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Birthright: the biggest misnomer in probate

On Behalf of | Apr 12, 2016 | Estate Administration |

Many people make assumptions about family, particularly their parents. They assume that their parents should take care of them in childhood, that they will step in and help their parents a bit during their golden years if needed, and when their parents are gone they will take care of them once again — by leaving their estate.

Some people refer to this as “birthright,” but this idea is a suggestion at best, especially if others are involved. The truth is that no one has a real birthright. It will be the estate plan or intestacy laws (in the absence of a will) that will dictate whether or not anyone has a right to the property of a decedent.

Community and separate property

When someone dies, it will be in one of two situations. They will be married or unmarried. In California, the inheritance hierarchy moves a bit differently depending on marital status. Being married puts one more major player into the inheritance, and property is further divided into the categories of community property or separate property. Community property are things that belong to the marriage. This means they were obtained and held by the couple together after they were married and living in the state of California. This could be joint accounts, a house, retirement plans, etc.

Separate property are things that each person owns independently of the other. It consists of belongings that person had before the marriage or inheritances that were left to a person individually. For example, an heirloom necklace might be handed down to a specific person that is indicated in a will or a trust as part of an estate plan.

How intestacy laws work in California

Not everyone takes the time to draft a will or trust, because they believe it will be sufficient to let their estate be divided among their closest relatives, whether there is a will or not. While that is true to some extent, that division isn’t necessarily delivered in the proportions that are expected, and they don’t always fall in line with what is preferred.

If a person dies without a will or estate plan, the state if California steps in and decides how property should be divided, guided by the laws of intestacy which define priority relationships within a family to determine who gets what. A person’s actual relationships might reflect something much different.

Married decedents

If a married person dies in California without a will or trust, any property that was considered community property reverts to the surviving spouse. Separate property is divided according to the laws of intestacy.

If the person had one surviving child, or their deceased child had children, half of the estate goes to that person and the other half goes to the spouse. If there were two or more kids the spouse gets one third of the estate, and the remaining is divided among the children.

If there are no surviving children in the picture, the decedents parents are next in line for that half of the estate, and the other half goes to the spouse. If their parents are deceased; the decedents siblings are next in line, followed by nephews and nieces. If relatives do not claim their inheritance, it will go to that state of California.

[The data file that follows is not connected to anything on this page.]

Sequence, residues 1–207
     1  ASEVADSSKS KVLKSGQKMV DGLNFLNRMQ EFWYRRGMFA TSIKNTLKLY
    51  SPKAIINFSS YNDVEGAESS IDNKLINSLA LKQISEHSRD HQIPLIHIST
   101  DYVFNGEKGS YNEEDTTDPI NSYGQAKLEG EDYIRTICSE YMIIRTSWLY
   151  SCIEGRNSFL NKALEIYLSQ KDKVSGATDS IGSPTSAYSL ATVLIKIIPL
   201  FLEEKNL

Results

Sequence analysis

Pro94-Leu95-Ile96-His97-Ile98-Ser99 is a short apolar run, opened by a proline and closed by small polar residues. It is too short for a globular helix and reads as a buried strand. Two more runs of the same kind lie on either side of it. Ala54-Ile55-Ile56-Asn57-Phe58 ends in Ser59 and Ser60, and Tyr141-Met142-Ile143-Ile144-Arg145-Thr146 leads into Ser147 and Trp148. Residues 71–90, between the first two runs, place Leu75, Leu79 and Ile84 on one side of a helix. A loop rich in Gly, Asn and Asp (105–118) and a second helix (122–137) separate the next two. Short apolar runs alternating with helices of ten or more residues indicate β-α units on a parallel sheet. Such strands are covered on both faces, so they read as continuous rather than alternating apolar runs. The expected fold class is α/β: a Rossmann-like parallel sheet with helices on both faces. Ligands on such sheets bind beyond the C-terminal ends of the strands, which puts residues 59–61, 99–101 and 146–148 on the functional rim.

Unmarried decedents

If a person dies unmarried, the role of spouse is taken out of the equation, but this still leaves no absolute guarantees for their children or other relatives. The “inheritance hierarchy” looks like this;

Divided equally among the decedent’s children. If one of their children is deceased, their children get their portion of the estate.

  • Inherited by surviving parents
  • Divided equally among siblings
  • Inherited by grandparents
  • Divided among aunts and uncles that are the children of grandparents
  • Divided among aunts and uncles children (cousins)
  • Divided among more distant cousins, or whoever can be considered next of kin
  • If no relatives make a claim, the estate goes to the state of California.

A matter of value

When it comes to actual money, determining value is fairly straight forward. When you’re considering belongings that mean something different to different people, determining what something is worth becomes more complex and more personal. If the state divides belongings, everything is stripped to it’s dollar value and this can take away from what it really is worth. Also, when the state is making these determinations, it can also take a good deal of time — something else most families value.

By making provisions in an estate plan for exactly where your assets should go, you leave the control to people you trust. You can decide whether you want to give to charitable causes, rather than relatives or the state. You can judge who can best benefit from an inheritance, or help someone reconnect with a memory by leaving them a special gift.

The biggest caveat of all

While this is a good outline for a basic estate (and even this seems very confusing), a nearly unlimited number of circumstances can quickly complicate the matter.

One wrinkle involves property with more than one owner (jointly owned property). Another involves property that is quasi-community. Yet another involves will contests, when one or more heirs contests the validity of a will, specific distributions or even the intent of the decedent. Undue influence can play a role. Even a probate judge’s discretion in some situations can throw a wrench into the mix.

The truth is, you should consult a probate attorney whether you were named as the executor in a will or are a family member of a decedent who thinks they might have a claim.